5/ In chapter 1, the character Chân Sĩ Ẩn (Zhen Shiyin) faces lots of family calamities and one day meets a mad monk and, upon understanding Hảo liễu ca (translated by David Hawkes as the Won-Done song), understands everything and leaves the world to join religion. Is that celebrated by Cao Xueqin? I’m not sure, it seems to be. But is it something to be celebrated when his daughter Anh Liên (Yinglian) has been kidnapped and is nowhere to be found and he leaves his wife behind to handle everything by herself? 

Or maybe it’s too early to discuss it and I have to return to this subject later. 

Anh Liên (Yinglian) reappears in chapter 7 as a servant under the new name Hương Lăng (Caltrop). 


6/ There are 4 girls named Xuân (Chun) in the Giả (Jia) family, meaning “spring”.  

The best way to see their relationship is to look at my family tree.

The oldest one is Nguyên Xuân (Yuanchun), meaning “first spring”, who is Giả Bảo Ngọc’s (Jia Baoyu’s) sister by about a decade. 

The other 3, who so far tend to be grouped together), are: 

Nghênh Xuân (Yingchun), daughter of Giả Xá (Jia She), and Thám Xuân (Tanchun), daughter of Giả Chính (Jia Zheng) and half-sister of Bảo Ngọc (Baoyu), from the Vinh (Rong) house

and

Tích Xuân (Xichun), daughter of Giả Kính (Jia Jing), from the Ninh (Ning) house.  

Judging by my family tree, Tích Xuân (Xichun) is one generation below but I assume they are roughly the same age. 

Nguyên Xuân (Yuanchun) and Thám Xuân (Tanchun) are half-sisters, and they both are cousins of Nghênh Xuân (Yingchun). Tích Xuân (Xichun) is more distant. 


7/ Cao Xueqin/ the narrator only appears once in a while to remind us he’s there, and mostly appears at the end of every chapter to entice readers to read the next one. These lines are removed from the Vietnamese version.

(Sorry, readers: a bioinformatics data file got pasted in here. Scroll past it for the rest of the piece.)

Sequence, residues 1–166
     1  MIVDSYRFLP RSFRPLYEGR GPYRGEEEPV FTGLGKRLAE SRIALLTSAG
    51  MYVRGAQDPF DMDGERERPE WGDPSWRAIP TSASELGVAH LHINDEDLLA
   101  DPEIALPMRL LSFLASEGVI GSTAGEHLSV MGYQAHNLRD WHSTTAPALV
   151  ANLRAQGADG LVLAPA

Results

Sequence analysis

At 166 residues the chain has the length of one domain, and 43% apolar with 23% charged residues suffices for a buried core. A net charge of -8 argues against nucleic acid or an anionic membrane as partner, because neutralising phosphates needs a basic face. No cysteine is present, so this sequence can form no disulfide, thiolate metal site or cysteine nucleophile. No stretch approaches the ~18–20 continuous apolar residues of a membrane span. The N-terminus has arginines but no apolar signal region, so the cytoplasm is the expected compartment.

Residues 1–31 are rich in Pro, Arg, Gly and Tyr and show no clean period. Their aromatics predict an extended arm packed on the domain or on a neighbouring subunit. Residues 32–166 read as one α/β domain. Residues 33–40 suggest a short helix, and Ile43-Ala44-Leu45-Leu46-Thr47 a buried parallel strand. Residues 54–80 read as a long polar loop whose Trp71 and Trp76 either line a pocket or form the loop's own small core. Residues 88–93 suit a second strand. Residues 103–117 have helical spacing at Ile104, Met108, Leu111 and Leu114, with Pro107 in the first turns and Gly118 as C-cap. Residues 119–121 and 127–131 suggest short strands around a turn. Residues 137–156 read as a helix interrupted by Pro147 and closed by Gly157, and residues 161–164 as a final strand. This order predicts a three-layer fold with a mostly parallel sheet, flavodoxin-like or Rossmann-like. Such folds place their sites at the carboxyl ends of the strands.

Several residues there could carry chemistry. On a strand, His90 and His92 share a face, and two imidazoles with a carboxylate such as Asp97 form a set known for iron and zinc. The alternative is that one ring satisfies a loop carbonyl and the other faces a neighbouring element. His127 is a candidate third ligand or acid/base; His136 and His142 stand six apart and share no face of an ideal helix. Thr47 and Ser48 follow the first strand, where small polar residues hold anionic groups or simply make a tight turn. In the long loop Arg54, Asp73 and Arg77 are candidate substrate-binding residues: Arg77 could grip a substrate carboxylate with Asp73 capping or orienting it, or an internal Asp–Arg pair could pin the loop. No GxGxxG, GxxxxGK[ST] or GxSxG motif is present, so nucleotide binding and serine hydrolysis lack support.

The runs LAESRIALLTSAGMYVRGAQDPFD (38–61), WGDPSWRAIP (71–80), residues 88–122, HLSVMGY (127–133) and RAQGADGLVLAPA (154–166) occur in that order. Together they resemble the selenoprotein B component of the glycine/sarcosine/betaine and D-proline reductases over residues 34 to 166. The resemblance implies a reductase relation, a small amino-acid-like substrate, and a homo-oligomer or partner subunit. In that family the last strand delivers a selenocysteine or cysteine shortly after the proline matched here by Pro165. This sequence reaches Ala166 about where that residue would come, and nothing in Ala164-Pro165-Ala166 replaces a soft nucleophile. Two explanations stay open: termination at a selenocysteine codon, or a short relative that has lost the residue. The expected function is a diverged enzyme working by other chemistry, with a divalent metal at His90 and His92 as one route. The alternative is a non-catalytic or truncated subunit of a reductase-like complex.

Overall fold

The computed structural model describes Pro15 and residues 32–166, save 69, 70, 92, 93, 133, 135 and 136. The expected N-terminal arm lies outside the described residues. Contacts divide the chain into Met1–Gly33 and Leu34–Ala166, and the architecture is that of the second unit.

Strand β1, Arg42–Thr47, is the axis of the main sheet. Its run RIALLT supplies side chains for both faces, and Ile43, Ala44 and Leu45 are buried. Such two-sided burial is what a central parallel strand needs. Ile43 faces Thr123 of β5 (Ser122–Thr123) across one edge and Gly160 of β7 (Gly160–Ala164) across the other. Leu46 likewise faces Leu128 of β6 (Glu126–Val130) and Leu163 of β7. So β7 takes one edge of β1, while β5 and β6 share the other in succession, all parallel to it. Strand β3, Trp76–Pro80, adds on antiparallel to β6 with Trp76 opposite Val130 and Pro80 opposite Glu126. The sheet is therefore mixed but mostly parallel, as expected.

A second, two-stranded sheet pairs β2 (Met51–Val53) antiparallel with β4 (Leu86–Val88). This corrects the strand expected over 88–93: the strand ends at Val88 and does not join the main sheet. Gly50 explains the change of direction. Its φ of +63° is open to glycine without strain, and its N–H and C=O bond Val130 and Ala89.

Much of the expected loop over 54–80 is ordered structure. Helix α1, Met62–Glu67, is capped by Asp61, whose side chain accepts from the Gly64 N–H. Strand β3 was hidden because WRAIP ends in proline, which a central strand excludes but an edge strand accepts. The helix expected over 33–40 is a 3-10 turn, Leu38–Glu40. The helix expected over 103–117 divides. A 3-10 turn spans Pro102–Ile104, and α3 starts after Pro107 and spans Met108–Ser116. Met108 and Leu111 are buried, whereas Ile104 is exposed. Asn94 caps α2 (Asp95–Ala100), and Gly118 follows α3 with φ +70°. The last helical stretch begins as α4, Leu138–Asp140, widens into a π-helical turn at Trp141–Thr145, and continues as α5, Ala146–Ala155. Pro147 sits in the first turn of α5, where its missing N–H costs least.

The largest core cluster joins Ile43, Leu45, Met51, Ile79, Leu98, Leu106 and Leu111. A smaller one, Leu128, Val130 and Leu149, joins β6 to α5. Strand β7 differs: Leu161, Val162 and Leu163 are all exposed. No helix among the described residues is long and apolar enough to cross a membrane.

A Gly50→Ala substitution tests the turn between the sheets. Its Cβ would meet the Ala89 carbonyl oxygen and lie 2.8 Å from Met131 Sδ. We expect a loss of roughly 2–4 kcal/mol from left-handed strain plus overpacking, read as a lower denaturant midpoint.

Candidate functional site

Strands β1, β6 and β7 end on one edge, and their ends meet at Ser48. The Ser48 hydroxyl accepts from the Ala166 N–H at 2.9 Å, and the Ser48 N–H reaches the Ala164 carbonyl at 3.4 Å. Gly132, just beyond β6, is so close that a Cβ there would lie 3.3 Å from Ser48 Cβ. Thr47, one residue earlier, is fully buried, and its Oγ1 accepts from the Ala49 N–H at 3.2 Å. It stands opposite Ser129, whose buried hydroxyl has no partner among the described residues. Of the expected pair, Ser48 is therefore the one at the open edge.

Cao Xueqin does tell, not only show, but doesn’t really comment on the characters or the action.

In chapter 6, there is a scene between Vương Hy Phượng (Wang Xifeng) and Già Lưu (Grannie Liu). The former is niece of Vương phu nhân (Wang Furen) and Tiết phu nhân (Xue Furen) and wife of Giả Liễn (Jia Lian), and takes care of everything in the house—she is sharp, well-mannered, shrewd, but also shrewish. The latter is an old woman who comes to ask for help, as a distant relative—she is mother-in-law of a guy called Cẩu Nhi (Gou-er). 

Through dialogue and manners, Cao Xueqin shows the huge difference in social position between the 2 characters, and also shows the hypocrisy of Già Lưu (Grannie Liu).

However, because the author depicts Chinese society as it is and I myself feel distaste for certain aspects of Chinese culture and tradition, a few things bug me—I’m talking about the Confucianism, about the hierarchy and order, about the sense that everyone has a place and must know their own place in society and in relation to others; I’m talking about the subservient and servile mindset, the kowtowing and grovelling behaviour of people towards their superiors. You see it in Chinese films. You see it in other Chinese novels. In Russian and other Western novels, there is class, there are poor people, there are servants and serfs, but you don’t really see such behaviour—not to the same extent.